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How to sear veggies in skillet?

ESPRESSO_OR_ELSEESPRESSO_OR_ELSE Posts: 15Member Member Posts: 15Member Member
I’ve always put in a dabble of olive oil to sear veggies such as diced onion, bell peppers or garlic in a skillet. Now that I’m counting calories, 120 calories for a tablespoon of olive oil just can’t be done. I can’t substitute butter for the obvious reasons.

And advice on what you do? I thought about trying the Pam cooking spray, but I’m afraid that really isn’t designed to sear veggies.

Any recommendations on what you do is appreciated.

Replies

  • amy19355amy19355 Posts: 576Member, Premium Member Posts: 576Member, Premium Member
    I suggest you first try and see how many veggies you can sauté in one (1) teaspoon of olive oil.

    I was very surprised how far it goes.

    Use a measuring spoon to be sure of the portion control .

    Fat is an important part of the diet nutrition, work it in with knowledge and experience.

  • missysippy930missysippy930 Posts: 926Member Member Posts: 926Member Member
    It works well using Pam or a spritzer bottle designed to spray your favorite oil and a hot cast iron skillet.
  • LorleeeLorleee Posts: 352Member Member Posts: 352Member Member
    I don't think olive oil is an enemy. If using a little means you're eating tons of veggies then you're doing a good thing for yourself.
  • kimny72kimny72 Posts: 12,392Member Member Posts: 12,392Member Member
    First, as a small female, I am still almost always able to add enough oil or butter to my cooking to make things work and still hit my calorie goal.

    Second, you probably need less than you think you do. Cooking for one or two, I can usually get away with a teaspoon of oil in a skillet, and 2 teaspoons for roasting veggies. Just try out a smaller amount one day and see what happens, worst case scenario they come out a little dry.

    Pam is just oil in a can, so I don't see why it wouldn't work. But it's not 0 calorie, and if you spray liberally you are basically just using the same oil you'd pour out of a bottle.

    I'll sometimes hit the pan with a smidge of water or broth or soy sauce or something like that if the pan seems drier than I want it to be but my food isn't done yet.

    If your skillet is non-stick, you really just need a little oil. I know some folks use no oil and a little broth to cook veggies, but I'm not sure what sort of results that brings. Clarifying what you mean may help, I've never heard anyone say they were "searing" veggies. I think searing would imply browning them super quick in the pan? I usually hear it used as searing meat in a skillet to develop a nicely browned exterior and lock in moisture and then cook it slowly in the oven.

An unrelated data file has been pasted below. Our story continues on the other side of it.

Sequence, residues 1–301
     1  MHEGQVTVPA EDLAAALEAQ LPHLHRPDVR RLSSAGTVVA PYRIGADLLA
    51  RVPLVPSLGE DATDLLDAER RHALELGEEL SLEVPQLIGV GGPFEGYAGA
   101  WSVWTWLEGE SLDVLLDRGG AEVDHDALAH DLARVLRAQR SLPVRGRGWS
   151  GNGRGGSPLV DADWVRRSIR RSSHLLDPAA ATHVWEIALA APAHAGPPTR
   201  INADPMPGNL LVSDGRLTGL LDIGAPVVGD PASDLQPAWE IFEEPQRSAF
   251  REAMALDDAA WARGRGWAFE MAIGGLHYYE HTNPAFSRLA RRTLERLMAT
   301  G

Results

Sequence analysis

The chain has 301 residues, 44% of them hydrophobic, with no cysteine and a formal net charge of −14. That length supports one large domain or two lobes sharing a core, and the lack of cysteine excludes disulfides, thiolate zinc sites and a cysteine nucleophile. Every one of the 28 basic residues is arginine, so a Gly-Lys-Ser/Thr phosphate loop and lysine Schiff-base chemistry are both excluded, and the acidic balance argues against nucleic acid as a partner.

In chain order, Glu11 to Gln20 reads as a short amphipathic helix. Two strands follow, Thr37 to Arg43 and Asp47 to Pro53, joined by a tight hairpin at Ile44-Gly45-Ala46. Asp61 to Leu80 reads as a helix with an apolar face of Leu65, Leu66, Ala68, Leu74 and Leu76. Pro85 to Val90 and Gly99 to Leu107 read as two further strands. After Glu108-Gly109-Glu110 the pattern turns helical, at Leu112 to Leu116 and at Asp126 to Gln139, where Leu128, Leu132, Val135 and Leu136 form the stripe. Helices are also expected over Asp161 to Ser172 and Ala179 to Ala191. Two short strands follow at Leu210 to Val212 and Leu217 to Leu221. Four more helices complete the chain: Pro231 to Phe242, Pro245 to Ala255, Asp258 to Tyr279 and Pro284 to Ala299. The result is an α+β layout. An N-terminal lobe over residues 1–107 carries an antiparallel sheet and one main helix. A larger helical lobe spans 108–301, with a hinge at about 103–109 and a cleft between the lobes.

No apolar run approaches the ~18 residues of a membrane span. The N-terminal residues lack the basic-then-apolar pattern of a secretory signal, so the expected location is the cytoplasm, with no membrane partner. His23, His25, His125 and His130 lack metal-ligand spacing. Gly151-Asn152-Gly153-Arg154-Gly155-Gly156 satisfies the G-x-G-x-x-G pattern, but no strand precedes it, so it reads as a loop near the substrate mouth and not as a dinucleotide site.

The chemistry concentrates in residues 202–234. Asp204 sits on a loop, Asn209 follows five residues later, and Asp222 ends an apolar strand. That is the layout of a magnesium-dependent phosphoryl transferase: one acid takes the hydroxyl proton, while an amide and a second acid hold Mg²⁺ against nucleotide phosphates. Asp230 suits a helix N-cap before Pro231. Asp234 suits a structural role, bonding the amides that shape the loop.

edited February 11
  • savithnysavithny Posts: 1,205Member Member Posts: 1,205Member Member
    Check the actual stats on the Pam spray - it's based on something like a one-second spritz. You'll use so much more than that amount that you might as well try a teaspoon of oil or butter, which will taste better, be cheaper, and help you absorb fat-soluable vitamins.
  • AnnPT77AnnPT77 Posts: 10,840Member Member Posts: 10,840Member Member
    I find that in my well-seasoned 8" cast iron pan, 3g of olive oil is enough for all but the stickiest things, for around 30 calories. Since we need fats to best absorb the fat-soluble vitamins (among other health reasons), that seems worth it to me. (It doesn't take much more oil for the 12" pan.)

    I usually just pour from the bottle, so occasionally get a bit more or less, but just log what I use. (I put the bottle on the scale, tare to zero, pour, then put it back on the scale to read the negative. If you prefer to use spray oil - olive tastes nicer than original Pam if you ask me - the scale trick works fine with that, too.)
  • Crafty_camper123Crafty_camper123 Posts: 1,259Member Member Posts: 1,259Member Member
    It doesn't take much oil. The sprays work pretty well, and just a little dap of olive oil is all that is needed to sautee your veggies. For butter, if I just rub a cold stick on the pan, I find I use less then if I would have cut off a chunk and put it in the pan. To sear with no oil? You could bake/broil your veggies.
  • swirlybeeswirlybee Posts: 336Member Member Posts: 336Member Member
    When somebody says "sear" I take that to mean a hot skillet and browning whatever I'm cooking. I don't use oil for onions, garlic and bell peppers. For vegetables that I want to actually sear, like brussel sprouts or zucchini spears, I will use just a teaspoon of oil. Like others have said, it doesn't actually take that much.
  • TeaBeaTeaBea Posts: 13,914Member Member Posts: 13,914Member Member
    amy19355 wrote: »
    I suggest you first try and see how many veggies you can sauté in one (1) teaspoon of olive oil.

    I was very surprised how far it goes.

    Use a measuring spoon to be sure of the portion control .

    Fat is an important part of the diet nutrition, work it in with knowledge and experience.

    This^
  • GottaBurnEmAllGottaBurnEmAll Posts: 7,724Member Member Posts: 7,724Member Member
    Another member of it only needs 1/2 - 1 teaspoon club in a skillet.

    I've roasted whole pans of vegetables with as little as 1/2 teaspoon of oil and still had a nice caramelizaton happening, and for some veggies, no oil at all is needed to roast if you're using parchment. I usually do oil free roasting for meal prep when I know I'll be adding oil later on when it comes time to reheat/use the veggies.

    Cooking sprays are 9 calories a gram. You can tell how much you've used by putting the can on the scale, turning it on, using your spray, putting the can back on. The negative number will be the amount in grams you've used.
    edited February 11
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